But I like Windows. I'm 10 times more productive in it than any other OS; Microsoft have been, and still are, an incredibly innovative company; I just wish they were a bit more ethical .. and that IE6 wasn't so broken :rolleyes:

fan
02-19-2003, 04:28 PM
i don't think so because lots of people don't know what linux is and when you buy a computer (this is for romania) they don't install linux, they install windows. in romanian schools teachers teach you about windows not linux. but linux is a nice OS=(Operating system) and people should try it.

fan

fan
02-19-2003, 04:36 PM
i don't think so because lots of people don't know what linux is and when you buy a computer (this is for romania) they don't install linux, they install windows. in romanian school teachers teach you about windows not linux. but linux is a nice OS=(Operating system) and people should try it.

fan

cg9com
02-19-2003, 07:09 PM
Originally posted by brothercake

But I like Windows. I'm 10 times more productive in it than any other OS;
indeed i like it as well, except for the *ahem* browser :eek:

oracleguy
02-20-2003, 12:58 AM
Originally posted by brothercake

But I like Windows. I'm 10 times more productive in it than any other OS; Microsoft have been, and still are, an incredibly innovative company

I agree. I mean I'm all for linux and stuff, its just that M$ has worked hard (well maybe not worked... stole perhaps?) to develop an easy user interface. Its simple enough for computer illterate people to start learning it quickly and it has accomidations for power users too.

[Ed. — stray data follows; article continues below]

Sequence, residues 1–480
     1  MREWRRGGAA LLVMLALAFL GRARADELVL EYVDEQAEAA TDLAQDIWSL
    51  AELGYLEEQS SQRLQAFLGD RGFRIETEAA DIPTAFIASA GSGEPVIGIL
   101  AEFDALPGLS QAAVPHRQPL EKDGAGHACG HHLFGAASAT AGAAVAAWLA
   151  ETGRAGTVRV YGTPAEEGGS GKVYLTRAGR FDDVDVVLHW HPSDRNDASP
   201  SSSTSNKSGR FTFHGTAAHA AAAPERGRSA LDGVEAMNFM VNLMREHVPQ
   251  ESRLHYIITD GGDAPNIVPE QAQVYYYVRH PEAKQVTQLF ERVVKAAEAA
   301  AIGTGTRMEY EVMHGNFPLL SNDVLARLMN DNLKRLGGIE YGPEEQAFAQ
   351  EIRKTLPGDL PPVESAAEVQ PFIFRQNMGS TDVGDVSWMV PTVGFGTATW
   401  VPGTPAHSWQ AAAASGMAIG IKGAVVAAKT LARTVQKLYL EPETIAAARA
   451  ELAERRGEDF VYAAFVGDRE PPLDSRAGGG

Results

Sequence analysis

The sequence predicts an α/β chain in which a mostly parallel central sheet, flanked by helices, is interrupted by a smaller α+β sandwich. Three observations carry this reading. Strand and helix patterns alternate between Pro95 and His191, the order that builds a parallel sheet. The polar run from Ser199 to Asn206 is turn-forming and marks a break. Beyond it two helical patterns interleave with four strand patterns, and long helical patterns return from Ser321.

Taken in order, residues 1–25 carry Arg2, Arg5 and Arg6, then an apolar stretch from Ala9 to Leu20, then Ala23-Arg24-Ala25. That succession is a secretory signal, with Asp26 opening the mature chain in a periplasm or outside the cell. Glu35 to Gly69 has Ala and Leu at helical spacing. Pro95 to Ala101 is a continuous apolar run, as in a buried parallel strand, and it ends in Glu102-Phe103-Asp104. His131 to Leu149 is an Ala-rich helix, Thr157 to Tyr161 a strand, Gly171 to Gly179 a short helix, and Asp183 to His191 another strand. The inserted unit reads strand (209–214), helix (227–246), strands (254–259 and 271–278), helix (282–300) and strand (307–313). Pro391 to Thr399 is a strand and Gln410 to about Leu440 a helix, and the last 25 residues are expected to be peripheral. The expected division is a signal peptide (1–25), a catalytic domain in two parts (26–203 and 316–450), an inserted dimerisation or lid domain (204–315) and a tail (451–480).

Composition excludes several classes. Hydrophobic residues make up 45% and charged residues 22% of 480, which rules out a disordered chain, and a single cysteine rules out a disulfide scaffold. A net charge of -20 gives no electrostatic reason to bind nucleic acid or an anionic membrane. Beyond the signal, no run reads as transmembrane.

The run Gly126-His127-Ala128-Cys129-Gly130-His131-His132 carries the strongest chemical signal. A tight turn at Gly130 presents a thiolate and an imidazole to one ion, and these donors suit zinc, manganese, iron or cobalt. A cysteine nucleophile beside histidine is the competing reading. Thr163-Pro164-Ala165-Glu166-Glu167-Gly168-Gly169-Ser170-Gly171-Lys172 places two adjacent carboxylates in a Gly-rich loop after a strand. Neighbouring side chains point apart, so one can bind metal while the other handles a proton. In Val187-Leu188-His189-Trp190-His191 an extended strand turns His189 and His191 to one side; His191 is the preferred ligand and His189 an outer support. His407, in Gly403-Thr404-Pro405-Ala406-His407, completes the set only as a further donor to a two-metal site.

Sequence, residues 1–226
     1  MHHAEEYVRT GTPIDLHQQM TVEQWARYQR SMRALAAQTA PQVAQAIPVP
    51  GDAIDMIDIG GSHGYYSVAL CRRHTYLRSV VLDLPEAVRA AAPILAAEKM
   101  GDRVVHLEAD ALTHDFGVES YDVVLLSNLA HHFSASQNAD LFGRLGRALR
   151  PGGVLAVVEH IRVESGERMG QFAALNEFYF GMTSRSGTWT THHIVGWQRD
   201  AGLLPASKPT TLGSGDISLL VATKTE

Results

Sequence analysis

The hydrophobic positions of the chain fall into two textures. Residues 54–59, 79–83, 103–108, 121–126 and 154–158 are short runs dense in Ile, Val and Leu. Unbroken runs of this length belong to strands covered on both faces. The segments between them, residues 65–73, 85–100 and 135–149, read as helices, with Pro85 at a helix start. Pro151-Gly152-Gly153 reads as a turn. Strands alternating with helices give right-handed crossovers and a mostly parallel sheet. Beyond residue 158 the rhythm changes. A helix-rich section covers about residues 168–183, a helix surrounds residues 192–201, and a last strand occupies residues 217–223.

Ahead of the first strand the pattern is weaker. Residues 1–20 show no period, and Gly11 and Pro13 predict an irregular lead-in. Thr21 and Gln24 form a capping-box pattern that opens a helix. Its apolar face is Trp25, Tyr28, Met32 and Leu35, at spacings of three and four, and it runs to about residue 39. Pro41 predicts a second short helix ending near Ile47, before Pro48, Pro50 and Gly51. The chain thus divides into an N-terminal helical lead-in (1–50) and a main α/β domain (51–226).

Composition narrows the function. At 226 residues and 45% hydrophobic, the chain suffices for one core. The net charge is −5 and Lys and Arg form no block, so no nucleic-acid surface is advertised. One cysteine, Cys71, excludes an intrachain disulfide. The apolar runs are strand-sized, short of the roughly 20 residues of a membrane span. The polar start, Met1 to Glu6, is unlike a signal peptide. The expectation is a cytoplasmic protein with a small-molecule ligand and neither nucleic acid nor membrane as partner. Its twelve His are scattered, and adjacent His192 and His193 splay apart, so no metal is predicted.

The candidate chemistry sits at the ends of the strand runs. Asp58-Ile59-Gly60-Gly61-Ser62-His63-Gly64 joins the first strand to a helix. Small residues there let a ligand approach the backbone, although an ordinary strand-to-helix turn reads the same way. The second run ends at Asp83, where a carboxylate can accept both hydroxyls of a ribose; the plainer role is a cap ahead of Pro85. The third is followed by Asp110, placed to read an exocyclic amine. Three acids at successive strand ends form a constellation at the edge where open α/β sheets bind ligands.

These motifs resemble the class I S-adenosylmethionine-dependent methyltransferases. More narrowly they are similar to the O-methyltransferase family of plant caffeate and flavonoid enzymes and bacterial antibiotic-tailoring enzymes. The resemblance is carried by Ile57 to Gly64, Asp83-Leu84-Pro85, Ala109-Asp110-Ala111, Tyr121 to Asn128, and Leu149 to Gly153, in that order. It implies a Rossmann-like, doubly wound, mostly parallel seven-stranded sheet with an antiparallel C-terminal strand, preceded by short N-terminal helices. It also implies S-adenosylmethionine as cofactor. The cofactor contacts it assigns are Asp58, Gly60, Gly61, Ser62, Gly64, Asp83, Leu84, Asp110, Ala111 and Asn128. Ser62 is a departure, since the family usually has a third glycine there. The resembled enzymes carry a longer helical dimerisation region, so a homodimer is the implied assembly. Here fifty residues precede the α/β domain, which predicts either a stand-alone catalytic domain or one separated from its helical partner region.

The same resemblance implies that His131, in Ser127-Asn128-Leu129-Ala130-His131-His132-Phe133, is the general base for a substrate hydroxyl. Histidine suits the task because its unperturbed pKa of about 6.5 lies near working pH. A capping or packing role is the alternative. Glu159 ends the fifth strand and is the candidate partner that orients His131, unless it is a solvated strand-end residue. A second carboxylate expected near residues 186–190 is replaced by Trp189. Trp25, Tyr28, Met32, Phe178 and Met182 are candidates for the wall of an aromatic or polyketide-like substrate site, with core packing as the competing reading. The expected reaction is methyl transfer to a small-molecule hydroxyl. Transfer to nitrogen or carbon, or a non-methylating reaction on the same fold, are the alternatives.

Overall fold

Linux needs some work on its user interface. I mean maybe its just the few flavors of linux I've used but to do a lot of stuff its all command line. Like to install a program. Its not so bad for me; I remember to good old DOS 3.3 days :) And I'm fond of the command line; however most people are not. Thats why Xerox developed the GUI.

cg9com
02-20-2003, 01:56 AM
its not that the command line is bad, its just that, to have a succesful product you have to appeal to the masses, and that means a mindless interface :D
not to mention, that just like a webpage, you need to accomidate for impatience.

oracleguy
02-20-2003, 03:25 AM
Originally posted by cg9com
its not that the command line is bad

I'm not trying to say that; I actually like the command line (some of the time at least)

jkd
02-20-2003, 03:58 AM
Originally posted by cg9com
its not that the command line is bad, its just that, to have a succesful product you have to appeal to the masses, and that means a mindless interface :D

mm, like comparing:

# tar -xzvf somefile.tar.gz
# ./configure
# make
# make install

To *double-click* :D.

bcarl314
02-20-2003, 11:19 AM
Just a few points I would like to make:

1) most if not all business applications available in Windows have an open source counterpart that runs on Linux, ususally these can save files into a Windows readable format.

Example: OpenOffice, StarOffice

2) Most of this software is free, or extremly inexpensive (although usually has no support)

Also, as a followup question, how many of you have used a Linux system? and wht ype of OSs are you familiar with. Myself, I've used the following:

Windows 95, 98, 2000, XP (DOS if you call that an OS)
Mac OS 7.1, 9, 10.1, Jaguar
Linux RH 6.1, 7.2, 8.0, Mandrake 8.0

Also a little VMS

brothercake
02-20-2003, 12:23 PM
I have Red Hat 8.0, and it's okay. If it's all there was, I'd still be able to do my job. But it wouldn't be my first, or even my second, choice.